The Atlantic and Pacific are still cranking out hurricanes

Tropical activity abounds in both the Atlantic and the Pacific, where the oceans are churning out named storms as if it’s still September. Norma slammed into Mexico over the weekend and another storm seems eager to do the same, while Hurricane Tammy could soon have company in the Atlantic.

Norma hit Cabo San Lucas as an 80 mph Category 1 hurricane on Saturday, bringing strong winds that toppled utility poles and cut power to tens of thousands but sparing the Baja Peninsula its former fury. Norma had exploded in intensity between Oct. 18 and 19, jumping from a 70 mph tropical storm to a 130 mph Category 4 in just 24 hours.

Tropical Storm Otis has since formed to its south and is expected to be a heavy rainmaker for parts of Mexico’s west coast.

The Atlantic is equally active. There’s Hurricane Tammy, which was located northeast of the Caribbean, and is expected to trace an odd looping shape before potentially affecting Bermuda later in the week. But there’s also a new disturbance that is consolidating in the Bay of Campeche.

The season overall has been about 10 percent more active than a normal year in the Atlantic, and we still have nearly six weeks to go before the “official” end to Atlantic hurricane season on November 30. The Northeast Pacific has been running about 18 percent ahead of average. And with abnormally warm and, in some cases, record-breaking ocean waters, there’s little reason to believe the oceans are about to wrap things up quite yet.

As of Monday morning, Hurricane Tammy had 80 mph winds, and was located 260 miles north of Anguilla, moving north at 7 mph. It was withdrawing from the northern Lesser Antilles, the island chain that bounds the Atlantic and Caribbean. Over the weekend, Tammy unleashed hurricane-force winds on Barbuda, a small island on the northeast flank of the Lesser Antilles, where it made landfall around 9:15 p.m. Saturday.

As the center of Tammy started to pull away from the Lesser Antilles Sunday, Tammy began to expand. It now has a broader core with more raggedy outer rain bands, possibly an indicator of a little dry air becoming drawn into the circulation. Conversely, though, once-disruptive high-altitude winds are easing a little bit, allowing for more healthy high altitude “exhaust” to exit Tammy. The more “spent” air that fans away from the storm at the upper levels, the more warm, humid air from below the storm can ingest to maintain strength or intensify.

Tammy will be steered northeast ahead of a trough, or dip in the jet stream filled with cool air and low pressure. A piece of that trough will break off from the jet stream, however, becoming a so-called cutoff low and yanking Tammy back westward. It could affect Bermuda with strong winds and rain squalls late this week.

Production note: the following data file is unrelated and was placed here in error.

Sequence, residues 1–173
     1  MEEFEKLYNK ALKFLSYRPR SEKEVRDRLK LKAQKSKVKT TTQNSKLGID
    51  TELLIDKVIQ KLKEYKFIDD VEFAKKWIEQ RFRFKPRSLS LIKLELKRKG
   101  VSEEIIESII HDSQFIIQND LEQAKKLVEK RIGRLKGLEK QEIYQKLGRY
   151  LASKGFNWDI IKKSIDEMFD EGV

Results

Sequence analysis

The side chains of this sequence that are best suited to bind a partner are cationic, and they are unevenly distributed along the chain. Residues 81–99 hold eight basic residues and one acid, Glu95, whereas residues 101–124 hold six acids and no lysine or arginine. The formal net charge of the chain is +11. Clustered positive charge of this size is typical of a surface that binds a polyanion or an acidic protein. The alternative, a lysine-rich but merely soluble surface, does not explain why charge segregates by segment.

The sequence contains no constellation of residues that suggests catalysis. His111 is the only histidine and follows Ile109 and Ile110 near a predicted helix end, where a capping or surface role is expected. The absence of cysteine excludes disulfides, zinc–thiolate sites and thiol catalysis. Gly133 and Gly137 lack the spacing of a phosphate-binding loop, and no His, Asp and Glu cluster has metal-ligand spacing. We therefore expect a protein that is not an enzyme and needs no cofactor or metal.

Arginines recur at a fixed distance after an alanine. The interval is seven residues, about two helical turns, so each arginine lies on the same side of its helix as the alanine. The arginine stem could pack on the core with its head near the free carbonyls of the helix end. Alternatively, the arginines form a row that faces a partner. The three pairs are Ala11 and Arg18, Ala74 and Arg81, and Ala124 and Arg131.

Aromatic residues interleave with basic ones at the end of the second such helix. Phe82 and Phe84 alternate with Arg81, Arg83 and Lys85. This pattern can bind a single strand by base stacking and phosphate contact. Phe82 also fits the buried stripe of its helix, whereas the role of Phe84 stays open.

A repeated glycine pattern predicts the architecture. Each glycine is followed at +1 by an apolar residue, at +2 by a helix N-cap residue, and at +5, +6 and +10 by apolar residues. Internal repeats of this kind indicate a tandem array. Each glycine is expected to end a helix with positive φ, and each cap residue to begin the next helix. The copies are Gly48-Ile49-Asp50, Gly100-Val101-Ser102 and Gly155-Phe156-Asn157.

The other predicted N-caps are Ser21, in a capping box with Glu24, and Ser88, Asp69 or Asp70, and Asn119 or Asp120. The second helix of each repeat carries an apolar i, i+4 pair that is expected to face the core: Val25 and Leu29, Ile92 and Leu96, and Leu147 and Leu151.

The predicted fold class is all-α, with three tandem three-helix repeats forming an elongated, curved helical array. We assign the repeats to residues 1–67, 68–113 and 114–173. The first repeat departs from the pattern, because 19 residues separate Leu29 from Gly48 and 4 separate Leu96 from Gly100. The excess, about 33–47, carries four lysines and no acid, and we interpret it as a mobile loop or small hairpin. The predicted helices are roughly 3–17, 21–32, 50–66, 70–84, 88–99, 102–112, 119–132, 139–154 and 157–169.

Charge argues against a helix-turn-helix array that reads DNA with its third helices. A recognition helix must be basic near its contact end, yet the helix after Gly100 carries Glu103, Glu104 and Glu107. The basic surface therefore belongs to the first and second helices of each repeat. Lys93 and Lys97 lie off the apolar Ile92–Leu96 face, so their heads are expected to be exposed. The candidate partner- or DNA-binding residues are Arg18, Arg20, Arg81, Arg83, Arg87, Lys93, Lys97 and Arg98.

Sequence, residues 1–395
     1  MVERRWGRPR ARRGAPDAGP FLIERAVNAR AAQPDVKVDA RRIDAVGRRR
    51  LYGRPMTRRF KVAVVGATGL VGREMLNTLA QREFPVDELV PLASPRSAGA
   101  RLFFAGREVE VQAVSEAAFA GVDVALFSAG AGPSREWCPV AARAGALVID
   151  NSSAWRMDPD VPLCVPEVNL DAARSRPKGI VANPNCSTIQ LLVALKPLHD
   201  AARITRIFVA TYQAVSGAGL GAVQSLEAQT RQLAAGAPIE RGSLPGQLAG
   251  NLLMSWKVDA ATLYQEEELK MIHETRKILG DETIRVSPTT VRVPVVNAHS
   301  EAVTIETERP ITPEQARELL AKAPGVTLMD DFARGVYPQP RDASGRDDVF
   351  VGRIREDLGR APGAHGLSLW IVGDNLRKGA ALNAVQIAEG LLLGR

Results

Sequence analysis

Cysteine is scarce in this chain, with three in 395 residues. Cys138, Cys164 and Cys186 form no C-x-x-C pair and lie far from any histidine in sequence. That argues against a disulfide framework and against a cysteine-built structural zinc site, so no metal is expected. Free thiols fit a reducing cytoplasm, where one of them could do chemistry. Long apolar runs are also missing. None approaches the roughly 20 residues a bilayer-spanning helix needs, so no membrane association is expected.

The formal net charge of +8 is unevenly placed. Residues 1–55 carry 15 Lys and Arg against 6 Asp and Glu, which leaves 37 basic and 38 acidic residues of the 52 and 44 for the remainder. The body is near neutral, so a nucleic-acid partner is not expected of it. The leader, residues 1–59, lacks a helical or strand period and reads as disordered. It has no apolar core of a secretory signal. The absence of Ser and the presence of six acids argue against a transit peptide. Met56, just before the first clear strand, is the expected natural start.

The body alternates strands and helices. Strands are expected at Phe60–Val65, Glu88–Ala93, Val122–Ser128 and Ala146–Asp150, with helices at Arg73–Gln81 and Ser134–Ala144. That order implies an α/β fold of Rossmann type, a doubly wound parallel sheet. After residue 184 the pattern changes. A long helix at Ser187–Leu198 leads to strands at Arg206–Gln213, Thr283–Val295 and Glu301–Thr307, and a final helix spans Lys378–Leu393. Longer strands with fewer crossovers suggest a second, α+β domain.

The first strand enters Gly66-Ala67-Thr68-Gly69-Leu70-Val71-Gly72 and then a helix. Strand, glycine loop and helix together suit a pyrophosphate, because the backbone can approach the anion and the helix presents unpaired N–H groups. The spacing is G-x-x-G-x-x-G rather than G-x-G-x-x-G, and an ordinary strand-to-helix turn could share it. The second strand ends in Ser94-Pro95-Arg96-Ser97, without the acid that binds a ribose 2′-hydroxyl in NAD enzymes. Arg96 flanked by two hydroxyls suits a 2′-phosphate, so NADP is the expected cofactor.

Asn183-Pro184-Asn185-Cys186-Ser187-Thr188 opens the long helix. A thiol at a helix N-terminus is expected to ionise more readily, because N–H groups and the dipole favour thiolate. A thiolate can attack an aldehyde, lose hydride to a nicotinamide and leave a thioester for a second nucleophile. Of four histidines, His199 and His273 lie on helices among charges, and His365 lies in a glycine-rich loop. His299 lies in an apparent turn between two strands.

Disturbance in Bay of Campeche

Forecasters are also monitoring an area of disturbed weather in the Bay of Campeche. Satellite imagery reveals a growing complex of thunderstorms. If a low-level center can become established and vertically stretched by a thunderstorm updraft, there’s a good shot it could become a last-minute tropical depression — the precursor to a named storm — before moving ashore over Nicaragua on Tuesday.

Gusty winds and a few heavy downpours were affecting the west coast of Sinaloa, Mexico on Monday morning, the remnants of much-weakened Hurricane Norma. But there’s a new system to watch.

It has the name Otis, and formed over the weekend because of an unusual process. Winds from the Atlantic blew north to south through a valley on the Isthmus of Tehuantepec. That’s the small strip of land that connects North and South America southwest of the Yucatán Peninsula. There are multiple mountain ranges on the southern edge of the Ithsmus, but a gap that allows winds through. That funnels the winds, forcing them to accelerate as air is expelled into the Pacific.

Some of that narrow channel of air curled in a counterclockwise shape, producing a lobe of vorticity, or spin, that acted as the seed for tropical development. That’s how Otis formed.

It’s not expected to be an overly strong system, but it is primed to trod along Mexico’s west coast and deliver heavy rains Wednesday and Thursday; landfall is probable Wednesday night.

“This rainfall will produce flash and urban flooding, along with mudslides in areas of higher terrain,” warned the National Hurricane Center.

A tropical storm watch remains in effect from Lagunas de Chacahua to Tecpan de Galeana, along the south coast of Mexico.

Otis would become the fourth named tropical system to make landfall along Mexico’s west coast just this month, following Lidia, Max and Norma.

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